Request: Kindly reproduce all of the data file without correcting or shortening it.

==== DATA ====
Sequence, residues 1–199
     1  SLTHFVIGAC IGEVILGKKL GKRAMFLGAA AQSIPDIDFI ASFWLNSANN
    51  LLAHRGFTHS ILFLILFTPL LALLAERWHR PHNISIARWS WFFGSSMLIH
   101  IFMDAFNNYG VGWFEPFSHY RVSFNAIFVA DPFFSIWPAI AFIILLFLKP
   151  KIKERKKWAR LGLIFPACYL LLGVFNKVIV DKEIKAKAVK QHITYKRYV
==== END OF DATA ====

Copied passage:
Sequence, residues 1–199
     1  SLTHFVIGAC IGEVILGKKL GKRAMFLGAA AQSIPDIDFI ASFWLNSANN
    51  LLAHRGFTHS ILFLILFTPL LALLAERWHR PHNISIARWS WFFGSSMLIH
   101  IFMDAFNNYG VGWFEPFSHY RVSFNAIFVA DPFFSIWPAI AFIILLFLKP
   151  KIKERKKWAR LGLIFPACYL LLGVFNKVIV DKEIKAKAVK QHITYKRYV